Never before has a comic book ever been praised by critics and TRUE, REAL comic book fans alike until Brian Michael Bendis‘ and Alex Maleev‘s “Scarlet”. The first issue was inventive, original and exciting that provoked a lot of fans to flood Bendis with a lot of fan mail that he hasn’t seen before (and this guy killed Hawkeye in Avengers: Disassembled). Issue number two goes deeper into the psyche of our protagonist (it is premature to say that she is an anti-hero after issue # 1) and her origins as to how she became this way. We saw the “why” with the first issue, now we begin to see the “how”.
The main protagonist is modeled by IVA. Now as with my review of issue number one, I’ll let her describe issue two in her own words:
“…about the 27th time it came up, I just decided to stop trying to explain. But…here’s the truth…I didn’t have an answer to the bigger question. I didn’t know how the fuck this happened. So I went and found out. The revenge part ended here and this is when it became a revolution.”
Keeping with the first issue’s style of breaking through the “fourth wall”, Scarlet tells her story in the form of narration and flashbacks as we see through the scenes that happened after she recovered from her gunshot wound, being shunned by family and friends who didn’t believe she didn’t do anything. We see the sequences as if the reader experiences the actual events while the protagonist talks to the reader. I loved the way the passage of time was marked with one shot of Scarlet standing with her head shaved until she grew a full head of hair. Maleev’s art is fantastic as always and maintains a seedy, dark atmosphere. I like the way the art expresses the emotions through the character’s eyes, and body language.
This second issue reveals a lot about the cops who had almost killed our protagonist. True, crooked cops and people who walk away are stereotypical devices in stories such as this; but one has to remember that while this issue is indeed about revenge, this series is about staging a revolution against established society and how people’s eyes need to be opened to the brutal realities of the world. I wonder if Bendis is somehow preaching his own social viewpoints, but this is exactly what gives Scarlet its charm and thought-provoking themes. In having the reader observe and feel like he is a part of the story and it the story flows as if the reader himself is being groomed to be more involved. The world is a piece of work, people are aware that there is corruption in the world but they try to ignore the bad things and just go with the flow. It reminds me of a verse I’ve read before which reads as “the greatest evil is when good men do nothing in the face of evil.”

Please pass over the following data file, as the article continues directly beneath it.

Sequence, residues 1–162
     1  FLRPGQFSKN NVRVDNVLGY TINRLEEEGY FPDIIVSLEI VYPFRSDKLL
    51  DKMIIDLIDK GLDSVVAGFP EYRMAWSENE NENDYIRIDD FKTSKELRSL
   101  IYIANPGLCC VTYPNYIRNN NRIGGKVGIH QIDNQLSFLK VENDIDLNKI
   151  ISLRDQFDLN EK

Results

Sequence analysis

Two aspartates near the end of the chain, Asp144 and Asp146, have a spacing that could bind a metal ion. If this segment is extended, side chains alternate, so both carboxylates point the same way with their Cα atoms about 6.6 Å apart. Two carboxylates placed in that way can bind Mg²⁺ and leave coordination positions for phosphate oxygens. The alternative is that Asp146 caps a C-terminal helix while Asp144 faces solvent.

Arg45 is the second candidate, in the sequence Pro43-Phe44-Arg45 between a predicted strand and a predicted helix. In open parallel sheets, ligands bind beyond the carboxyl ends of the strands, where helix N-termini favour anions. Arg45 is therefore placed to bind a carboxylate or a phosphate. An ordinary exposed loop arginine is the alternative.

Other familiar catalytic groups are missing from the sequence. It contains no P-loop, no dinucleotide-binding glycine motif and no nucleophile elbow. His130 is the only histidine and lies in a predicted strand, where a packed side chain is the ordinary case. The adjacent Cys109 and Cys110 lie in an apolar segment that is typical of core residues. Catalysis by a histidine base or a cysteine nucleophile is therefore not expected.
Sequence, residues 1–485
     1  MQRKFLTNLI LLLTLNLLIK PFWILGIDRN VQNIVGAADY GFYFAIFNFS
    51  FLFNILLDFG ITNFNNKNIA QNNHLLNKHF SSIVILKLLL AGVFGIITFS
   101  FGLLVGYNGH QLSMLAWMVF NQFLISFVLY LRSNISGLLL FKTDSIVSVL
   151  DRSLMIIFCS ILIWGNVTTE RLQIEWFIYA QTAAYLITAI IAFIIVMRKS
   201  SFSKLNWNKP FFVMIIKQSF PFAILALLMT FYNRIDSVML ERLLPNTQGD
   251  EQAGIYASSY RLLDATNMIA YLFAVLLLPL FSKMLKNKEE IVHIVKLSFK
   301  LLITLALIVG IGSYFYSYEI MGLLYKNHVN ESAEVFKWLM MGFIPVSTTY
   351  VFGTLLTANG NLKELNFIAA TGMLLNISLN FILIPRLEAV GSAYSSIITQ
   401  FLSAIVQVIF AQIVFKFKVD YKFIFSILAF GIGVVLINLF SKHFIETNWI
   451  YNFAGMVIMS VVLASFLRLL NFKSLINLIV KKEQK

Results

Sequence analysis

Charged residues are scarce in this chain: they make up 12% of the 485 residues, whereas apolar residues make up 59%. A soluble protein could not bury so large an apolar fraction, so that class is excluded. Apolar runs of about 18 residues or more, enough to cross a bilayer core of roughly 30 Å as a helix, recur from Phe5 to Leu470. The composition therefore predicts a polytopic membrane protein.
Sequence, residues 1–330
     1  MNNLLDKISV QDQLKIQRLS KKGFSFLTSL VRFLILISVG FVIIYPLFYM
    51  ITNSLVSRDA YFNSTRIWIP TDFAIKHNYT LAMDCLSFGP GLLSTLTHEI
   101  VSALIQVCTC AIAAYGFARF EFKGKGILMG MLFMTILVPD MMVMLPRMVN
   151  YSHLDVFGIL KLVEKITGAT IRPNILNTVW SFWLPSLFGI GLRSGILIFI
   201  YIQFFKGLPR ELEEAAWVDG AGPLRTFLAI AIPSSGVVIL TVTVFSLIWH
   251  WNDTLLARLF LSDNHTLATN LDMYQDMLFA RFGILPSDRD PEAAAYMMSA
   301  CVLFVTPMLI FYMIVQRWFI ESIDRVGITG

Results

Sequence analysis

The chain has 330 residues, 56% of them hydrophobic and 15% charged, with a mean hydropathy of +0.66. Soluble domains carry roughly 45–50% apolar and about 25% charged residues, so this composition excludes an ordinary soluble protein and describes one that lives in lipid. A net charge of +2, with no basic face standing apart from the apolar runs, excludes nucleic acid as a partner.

Much as the comic suggests brutality and violence, this issue is a little toned down from the visual brutality in issue # 1. The reader witnesses Scarlet’s resolve to exact revenge as she also finds out that the dirt and filth goes beyond one man. I really enjoyed the scene in the bathroom as Scarlet tries to convince herself and the reader that she didn’t want to kill her target and that she looked for reasons not to. Much of the issue is about dialogue (which remained sharp-tongued) and about surveillance that lasted weeks. The killer cop’s development (his habits, family and secret schemes) is seen through a rear-view mirror which is once again an inventive touch on the parts of the creators.
I know what you are thinking…is issue two as great as issue one? That question would be unfair since this is a comic-series meant for an epic run and it has hardly begun. Let me just tell you that Icon/Marvel‘s “Scarlet” is now a part of my monthly collection and I am part of the SCARLET Revolution. It is as close to an excellent Indie film as one can possibly get with all the blood, sweat and tears laid out from page to page.
“I needed to know that I could trade my place in heaven for what needs to happen. Because now I know names…and I know where to start.”